One thing that may not be entirely clear to web developers is that they can contribute to the HTML5 specification. This is, of course, not limited to web developers. Anyone with an idea can contribute to the HTML5 specification.
Technically, no one can contribute to the HTML5 specification, as it already reached Candidate Recommendation status in December 2012. You can, however, contribute to the next version of the specification which outlines HTML 5.1. Also, if something is deemed important enough, it can be retro-added to the HTML5 Candidate Recommendation should the HTML5 specification editors decide to do so (the addition of the <main> element being a case in point).
It is worth mentioning that there are two versions of the HTML5 specification, one maintained by the W3C, and another maintained by the WHATWG. The WHATWG specification is more fluid and experimental, where things get added and dropped more frequently, whereas the W3C specification is more stable, items only get added and removed once discussed. Many of the more stable changes to the WHATWG specification often end up on the W3C specification.
With this in mind, the easiest way to comment on the WHATWG HTML5 specification is to locate the relevant section, select the text you want to comment on and leave a message using the form at the bottom of the page. Your comment will then be filed in the W3C HTML working group Buzilla (yes, the WHATWG HTML buglist is stored on the W3C Bugzilla!) where it will be eventually reviewed and addressed.
You can also comment via the mailing list email address: email@example.com
To contribute to the W3C HTML5 specification, simply go to the latest version of the specification, select the text you want to comment on, and click the “file a bug” button in the top right hand corner of the page. This will take you to the W3C HTML Working Group Bugzilla “Enter a Bug” form where you can make your comment.
The best way to contribute to the HTML5 specification where you can comment on and review other’s bugs is to actually join the W3C HTML Working Group, which is open to anyone.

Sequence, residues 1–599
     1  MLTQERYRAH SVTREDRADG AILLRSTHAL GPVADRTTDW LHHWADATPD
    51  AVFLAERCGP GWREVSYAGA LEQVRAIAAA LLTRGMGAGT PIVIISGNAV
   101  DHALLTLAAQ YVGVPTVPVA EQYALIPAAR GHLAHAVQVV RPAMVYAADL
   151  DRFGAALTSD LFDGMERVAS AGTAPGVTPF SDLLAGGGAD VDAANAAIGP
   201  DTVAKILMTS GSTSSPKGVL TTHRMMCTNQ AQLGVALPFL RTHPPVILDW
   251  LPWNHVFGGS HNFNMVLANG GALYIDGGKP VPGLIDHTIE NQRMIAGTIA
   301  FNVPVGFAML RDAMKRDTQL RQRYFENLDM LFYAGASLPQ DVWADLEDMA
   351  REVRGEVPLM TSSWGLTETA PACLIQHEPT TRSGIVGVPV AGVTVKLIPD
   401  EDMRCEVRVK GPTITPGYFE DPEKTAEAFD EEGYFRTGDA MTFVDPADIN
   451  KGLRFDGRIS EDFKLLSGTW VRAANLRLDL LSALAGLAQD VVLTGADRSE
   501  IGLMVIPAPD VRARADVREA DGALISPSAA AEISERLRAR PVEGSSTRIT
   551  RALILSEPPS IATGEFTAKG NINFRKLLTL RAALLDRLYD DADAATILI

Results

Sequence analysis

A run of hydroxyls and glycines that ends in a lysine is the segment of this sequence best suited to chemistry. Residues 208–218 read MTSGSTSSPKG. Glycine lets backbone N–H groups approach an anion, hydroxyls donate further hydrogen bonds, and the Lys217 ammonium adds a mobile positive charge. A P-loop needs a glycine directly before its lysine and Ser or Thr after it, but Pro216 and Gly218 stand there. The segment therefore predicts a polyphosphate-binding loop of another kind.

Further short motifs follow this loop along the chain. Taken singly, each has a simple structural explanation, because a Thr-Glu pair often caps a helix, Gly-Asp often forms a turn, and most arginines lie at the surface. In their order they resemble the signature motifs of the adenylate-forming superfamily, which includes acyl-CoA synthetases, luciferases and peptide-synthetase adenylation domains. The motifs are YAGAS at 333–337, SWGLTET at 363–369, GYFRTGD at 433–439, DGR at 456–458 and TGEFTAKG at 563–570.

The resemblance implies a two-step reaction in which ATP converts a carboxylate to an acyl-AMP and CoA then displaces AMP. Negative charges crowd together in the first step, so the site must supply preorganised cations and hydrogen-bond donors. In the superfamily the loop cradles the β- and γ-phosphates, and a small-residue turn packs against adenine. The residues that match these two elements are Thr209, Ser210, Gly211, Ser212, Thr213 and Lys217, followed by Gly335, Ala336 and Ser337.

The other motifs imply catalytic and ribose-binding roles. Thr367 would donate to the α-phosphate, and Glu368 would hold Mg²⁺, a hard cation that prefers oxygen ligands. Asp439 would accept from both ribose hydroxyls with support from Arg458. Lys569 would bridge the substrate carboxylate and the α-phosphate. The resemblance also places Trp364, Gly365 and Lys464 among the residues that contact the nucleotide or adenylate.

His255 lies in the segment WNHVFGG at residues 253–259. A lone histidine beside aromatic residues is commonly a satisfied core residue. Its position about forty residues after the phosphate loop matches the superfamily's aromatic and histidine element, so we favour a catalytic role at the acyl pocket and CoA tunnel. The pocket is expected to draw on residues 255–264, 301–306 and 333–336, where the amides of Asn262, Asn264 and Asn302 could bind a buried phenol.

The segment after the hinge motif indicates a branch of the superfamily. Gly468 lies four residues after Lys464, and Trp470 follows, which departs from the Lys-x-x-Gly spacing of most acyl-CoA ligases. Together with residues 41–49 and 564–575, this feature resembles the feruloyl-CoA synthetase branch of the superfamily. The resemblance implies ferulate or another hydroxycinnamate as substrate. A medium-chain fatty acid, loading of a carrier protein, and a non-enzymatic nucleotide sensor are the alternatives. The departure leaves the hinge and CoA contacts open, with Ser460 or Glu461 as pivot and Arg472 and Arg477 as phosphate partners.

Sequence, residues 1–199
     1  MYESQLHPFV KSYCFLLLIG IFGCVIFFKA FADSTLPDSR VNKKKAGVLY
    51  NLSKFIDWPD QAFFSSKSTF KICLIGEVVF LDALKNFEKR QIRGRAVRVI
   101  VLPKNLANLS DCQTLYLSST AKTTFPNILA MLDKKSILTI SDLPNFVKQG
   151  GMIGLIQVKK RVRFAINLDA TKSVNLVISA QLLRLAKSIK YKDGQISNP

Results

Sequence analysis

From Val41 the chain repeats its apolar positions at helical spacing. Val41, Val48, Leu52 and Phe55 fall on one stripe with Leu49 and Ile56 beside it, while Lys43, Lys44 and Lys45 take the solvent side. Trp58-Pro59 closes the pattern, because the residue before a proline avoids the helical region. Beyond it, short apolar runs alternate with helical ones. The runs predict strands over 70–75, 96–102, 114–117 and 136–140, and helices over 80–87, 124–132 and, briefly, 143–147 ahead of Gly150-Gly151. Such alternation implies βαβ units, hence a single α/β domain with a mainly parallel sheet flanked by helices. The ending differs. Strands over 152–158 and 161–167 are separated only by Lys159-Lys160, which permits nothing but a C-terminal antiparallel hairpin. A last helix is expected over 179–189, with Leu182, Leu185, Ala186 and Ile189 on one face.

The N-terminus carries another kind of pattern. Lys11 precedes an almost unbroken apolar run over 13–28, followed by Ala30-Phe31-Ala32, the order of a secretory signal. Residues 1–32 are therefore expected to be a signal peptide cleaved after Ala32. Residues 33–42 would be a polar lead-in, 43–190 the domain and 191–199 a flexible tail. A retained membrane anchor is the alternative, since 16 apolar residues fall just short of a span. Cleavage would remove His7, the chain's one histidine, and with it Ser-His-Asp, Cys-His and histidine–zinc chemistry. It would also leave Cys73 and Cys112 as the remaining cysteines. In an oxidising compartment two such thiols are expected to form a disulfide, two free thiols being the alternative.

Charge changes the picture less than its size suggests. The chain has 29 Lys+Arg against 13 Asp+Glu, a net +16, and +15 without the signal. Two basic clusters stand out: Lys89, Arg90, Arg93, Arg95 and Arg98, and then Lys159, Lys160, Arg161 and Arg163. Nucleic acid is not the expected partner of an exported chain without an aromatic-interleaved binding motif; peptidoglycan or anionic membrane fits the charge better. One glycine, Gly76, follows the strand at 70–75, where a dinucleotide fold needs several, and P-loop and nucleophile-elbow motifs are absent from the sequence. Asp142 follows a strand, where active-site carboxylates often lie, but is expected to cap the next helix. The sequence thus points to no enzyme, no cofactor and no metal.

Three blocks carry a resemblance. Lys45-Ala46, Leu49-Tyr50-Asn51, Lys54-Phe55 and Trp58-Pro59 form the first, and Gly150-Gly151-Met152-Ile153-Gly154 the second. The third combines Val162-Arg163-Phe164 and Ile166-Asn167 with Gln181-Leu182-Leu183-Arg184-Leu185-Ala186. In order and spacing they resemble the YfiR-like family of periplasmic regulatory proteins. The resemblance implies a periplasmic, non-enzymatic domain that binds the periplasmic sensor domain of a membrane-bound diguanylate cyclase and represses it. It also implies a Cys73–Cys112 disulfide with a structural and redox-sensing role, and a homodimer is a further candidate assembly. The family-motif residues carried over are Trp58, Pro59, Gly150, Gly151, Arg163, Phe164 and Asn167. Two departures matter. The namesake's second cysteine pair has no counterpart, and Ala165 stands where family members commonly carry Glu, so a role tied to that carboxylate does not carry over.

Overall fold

Joining the W3C HTML Working Group
First, check to see if the company you work for is not already a member of the W3C. If they are, then you need to follow a special set of instructions.
If you don’t work for a W3C member, then you can fill out the Public Access Request Form, and you should receive your login name and password within two business days.
Once you have received a login name and password, you can complete the W3C Invited Expert Application. You should receive a reply within ten working days, and if your application is accepted (and it should be!), you will receive an invitation with instructions telling you what to do next to formally join the group.
The final step is to request to join and participate in the HTML Working Group as an Invited Expert by filling out a form. You are now a member of the HTML Working Group. You will be automatically signed up to the relevant mailing lists, through which you can read about changes to the specification, comment on them, and read others’ suggestions.
(You should also take the time to read the following online documents: HTML Working Group Charter, Invited Expert and Collaborator Agreement, and the Policy for Approval of Invited Experts.)
Anyone can comment on aspects of the specification(s), and you are encouraged to do so. To get more actively involved in the decision-making process, joining the W3C HTML Working Group is the way to go.
So, if you care enough about contributing to the future of HTML, then get involved and ensure that the voice of the developer is heard!